Mayor Creates Commission to Review Baltimore’s Public Confederate Monuments

On June 30, 2015, Mayor Stephanie Rawlings-Blake announced the creation of a special commission to review all of Baltimore’s Confederate statues and historical assets. Mayor Rawlings-Blake has directed the special commission to launch a conversation about each of the different Confederate-era monuments and other historical assets and make recommendations for their future in Baltimore. The Commission is comprised of four members from the Baltimore City Commission for Historical and Architectural Preservation (CHAP), three members from the Baltimore City Public Arts Commission, and a Mayoral staff representative. Over the next six months, the commission will conduct a thorough review of Confederate monuments on City-owned property including gathering research and soliciting public testimony. The commission will hold four public meetings, including at least one in which feedback from the community will be solicited. Public comments are also welcome via mail or email. The commission's report and recommendations are expected to be delivered to the Mayor by early 2016.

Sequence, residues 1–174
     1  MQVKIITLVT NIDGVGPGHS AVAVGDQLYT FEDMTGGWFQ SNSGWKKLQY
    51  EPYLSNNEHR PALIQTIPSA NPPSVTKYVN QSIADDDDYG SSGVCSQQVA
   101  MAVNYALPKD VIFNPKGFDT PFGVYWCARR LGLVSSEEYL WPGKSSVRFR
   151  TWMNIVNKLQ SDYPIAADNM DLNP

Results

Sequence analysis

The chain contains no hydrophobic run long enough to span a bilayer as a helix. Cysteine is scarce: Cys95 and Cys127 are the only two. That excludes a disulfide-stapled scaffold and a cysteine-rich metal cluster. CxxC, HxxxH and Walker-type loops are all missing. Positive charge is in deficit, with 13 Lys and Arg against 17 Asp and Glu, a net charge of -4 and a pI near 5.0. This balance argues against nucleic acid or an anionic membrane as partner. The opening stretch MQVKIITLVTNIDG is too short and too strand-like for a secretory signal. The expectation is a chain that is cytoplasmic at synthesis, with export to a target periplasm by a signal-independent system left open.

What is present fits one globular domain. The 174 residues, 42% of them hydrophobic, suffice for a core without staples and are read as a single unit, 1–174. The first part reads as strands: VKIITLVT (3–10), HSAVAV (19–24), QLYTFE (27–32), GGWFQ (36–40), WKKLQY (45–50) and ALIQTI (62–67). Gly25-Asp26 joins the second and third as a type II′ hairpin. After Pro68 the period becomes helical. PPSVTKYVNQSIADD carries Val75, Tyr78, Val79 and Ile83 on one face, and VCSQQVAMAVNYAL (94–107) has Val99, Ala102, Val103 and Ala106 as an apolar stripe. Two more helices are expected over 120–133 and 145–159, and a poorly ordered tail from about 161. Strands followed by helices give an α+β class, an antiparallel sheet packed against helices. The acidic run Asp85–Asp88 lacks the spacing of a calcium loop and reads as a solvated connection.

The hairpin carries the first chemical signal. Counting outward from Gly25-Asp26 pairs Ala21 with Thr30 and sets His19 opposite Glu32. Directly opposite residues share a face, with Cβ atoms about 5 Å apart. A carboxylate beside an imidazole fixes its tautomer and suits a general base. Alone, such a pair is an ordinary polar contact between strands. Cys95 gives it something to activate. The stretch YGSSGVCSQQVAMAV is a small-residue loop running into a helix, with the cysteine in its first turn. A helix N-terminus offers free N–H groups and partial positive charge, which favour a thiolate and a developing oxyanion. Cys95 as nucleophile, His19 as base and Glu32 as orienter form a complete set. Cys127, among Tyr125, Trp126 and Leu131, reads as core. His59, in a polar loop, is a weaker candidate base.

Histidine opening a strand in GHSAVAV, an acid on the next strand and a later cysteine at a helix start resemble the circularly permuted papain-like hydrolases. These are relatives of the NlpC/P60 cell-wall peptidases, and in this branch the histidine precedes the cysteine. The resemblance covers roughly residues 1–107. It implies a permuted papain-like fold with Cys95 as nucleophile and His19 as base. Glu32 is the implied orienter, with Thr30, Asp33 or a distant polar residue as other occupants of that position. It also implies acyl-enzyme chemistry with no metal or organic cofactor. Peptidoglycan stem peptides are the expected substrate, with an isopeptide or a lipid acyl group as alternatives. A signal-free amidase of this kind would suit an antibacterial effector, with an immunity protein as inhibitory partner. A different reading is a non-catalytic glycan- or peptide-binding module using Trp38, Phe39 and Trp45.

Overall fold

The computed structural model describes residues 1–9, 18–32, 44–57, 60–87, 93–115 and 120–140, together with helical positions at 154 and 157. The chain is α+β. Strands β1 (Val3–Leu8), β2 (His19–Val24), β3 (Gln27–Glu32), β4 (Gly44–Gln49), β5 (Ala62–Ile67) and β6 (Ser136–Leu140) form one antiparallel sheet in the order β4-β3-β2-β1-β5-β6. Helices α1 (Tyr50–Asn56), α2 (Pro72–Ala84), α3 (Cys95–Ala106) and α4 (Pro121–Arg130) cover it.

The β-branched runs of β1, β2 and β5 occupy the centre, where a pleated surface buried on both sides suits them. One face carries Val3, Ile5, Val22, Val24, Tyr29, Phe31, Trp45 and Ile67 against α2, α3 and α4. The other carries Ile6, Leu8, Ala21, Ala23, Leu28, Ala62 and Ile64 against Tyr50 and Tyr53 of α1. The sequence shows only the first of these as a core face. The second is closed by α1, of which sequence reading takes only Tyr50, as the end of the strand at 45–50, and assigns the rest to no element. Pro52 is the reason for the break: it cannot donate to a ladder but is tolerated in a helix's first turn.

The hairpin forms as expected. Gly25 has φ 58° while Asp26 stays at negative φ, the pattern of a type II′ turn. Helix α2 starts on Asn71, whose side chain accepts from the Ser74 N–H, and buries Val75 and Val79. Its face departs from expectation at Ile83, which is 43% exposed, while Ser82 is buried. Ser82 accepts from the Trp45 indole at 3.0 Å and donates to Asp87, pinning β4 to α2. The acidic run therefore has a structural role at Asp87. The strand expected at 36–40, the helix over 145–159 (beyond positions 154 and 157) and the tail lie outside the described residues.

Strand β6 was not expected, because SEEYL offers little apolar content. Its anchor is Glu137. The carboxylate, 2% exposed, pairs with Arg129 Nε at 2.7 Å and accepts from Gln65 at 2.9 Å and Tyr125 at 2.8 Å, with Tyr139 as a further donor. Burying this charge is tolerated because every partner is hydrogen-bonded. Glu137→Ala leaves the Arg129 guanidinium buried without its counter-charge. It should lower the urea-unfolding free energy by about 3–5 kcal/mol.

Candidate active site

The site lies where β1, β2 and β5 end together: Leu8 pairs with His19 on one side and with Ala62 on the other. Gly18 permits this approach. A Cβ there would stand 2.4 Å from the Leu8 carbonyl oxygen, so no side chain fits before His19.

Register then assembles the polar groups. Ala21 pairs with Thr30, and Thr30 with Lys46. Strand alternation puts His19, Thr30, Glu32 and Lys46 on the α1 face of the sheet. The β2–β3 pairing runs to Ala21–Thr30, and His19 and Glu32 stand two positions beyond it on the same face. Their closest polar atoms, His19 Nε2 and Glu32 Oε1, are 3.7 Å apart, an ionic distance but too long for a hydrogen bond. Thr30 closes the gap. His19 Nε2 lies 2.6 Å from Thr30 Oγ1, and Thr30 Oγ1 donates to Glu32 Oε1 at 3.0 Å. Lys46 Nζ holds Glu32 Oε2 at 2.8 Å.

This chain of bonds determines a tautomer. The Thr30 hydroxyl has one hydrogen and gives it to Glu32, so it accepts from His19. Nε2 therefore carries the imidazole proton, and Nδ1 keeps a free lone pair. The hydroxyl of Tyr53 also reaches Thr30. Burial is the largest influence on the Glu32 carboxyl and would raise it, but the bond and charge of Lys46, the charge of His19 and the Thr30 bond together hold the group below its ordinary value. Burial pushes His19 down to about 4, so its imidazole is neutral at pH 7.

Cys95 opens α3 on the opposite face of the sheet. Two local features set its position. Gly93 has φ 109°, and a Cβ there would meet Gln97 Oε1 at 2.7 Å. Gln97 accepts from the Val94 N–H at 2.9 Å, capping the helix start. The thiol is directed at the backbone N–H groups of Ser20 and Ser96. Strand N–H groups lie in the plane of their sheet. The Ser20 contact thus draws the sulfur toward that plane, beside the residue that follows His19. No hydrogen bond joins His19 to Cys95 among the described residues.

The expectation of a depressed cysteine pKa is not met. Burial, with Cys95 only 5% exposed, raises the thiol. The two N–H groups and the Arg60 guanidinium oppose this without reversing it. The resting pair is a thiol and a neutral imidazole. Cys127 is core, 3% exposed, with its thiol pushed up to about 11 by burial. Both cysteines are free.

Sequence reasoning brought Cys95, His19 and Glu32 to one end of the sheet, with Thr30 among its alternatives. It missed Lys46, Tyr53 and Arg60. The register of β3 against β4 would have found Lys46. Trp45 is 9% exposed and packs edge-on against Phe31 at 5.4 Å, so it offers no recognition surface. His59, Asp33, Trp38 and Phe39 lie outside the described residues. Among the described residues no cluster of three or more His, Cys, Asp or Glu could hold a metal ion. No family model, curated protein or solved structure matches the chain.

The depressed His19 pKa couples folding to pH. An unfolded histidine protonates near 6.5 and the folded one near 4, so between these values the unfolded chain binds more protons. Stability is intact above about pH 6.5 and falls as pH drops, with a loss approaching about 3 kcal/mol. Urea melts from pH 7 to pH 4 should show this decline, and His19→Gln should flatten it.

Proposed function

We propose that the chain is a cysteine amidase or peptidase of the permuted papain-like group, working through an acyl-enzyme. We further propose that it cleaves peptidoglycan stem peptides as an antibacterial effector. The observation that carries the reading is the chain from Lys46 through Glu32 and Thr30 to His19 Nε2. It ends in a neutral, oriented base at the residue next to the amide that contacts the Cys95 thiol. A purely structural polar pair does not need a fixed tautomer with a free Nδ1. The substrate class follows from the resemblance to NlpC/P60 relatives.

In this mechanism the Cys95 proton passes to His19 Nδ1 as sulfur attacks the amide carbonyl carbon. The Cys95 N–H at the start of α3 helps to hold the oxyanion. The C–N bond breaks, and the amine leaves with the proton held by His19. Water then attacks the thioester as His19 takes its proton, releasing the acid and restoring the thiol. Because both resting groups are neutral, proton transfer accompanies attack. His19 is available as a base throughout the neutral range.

Visit to learn more about this Commission and provide your comments.


UPDATE: CHAP Adopts Revised Historic Preservation Rules & Regulations and Historic Preservation Design Guidelines

At the December 8th, 2015 hearing of the Commission for Historical and Architectural Preservation, the Commission voted to adopt the revised Baltimore City Historic Preservation Rules & Regulations and Baltimore City Historic Preservation Design Guidelines. The Commission undertook a year-long revision process, reviewing the proposed revisions at its regular public hearings. To view the final documents, please click here.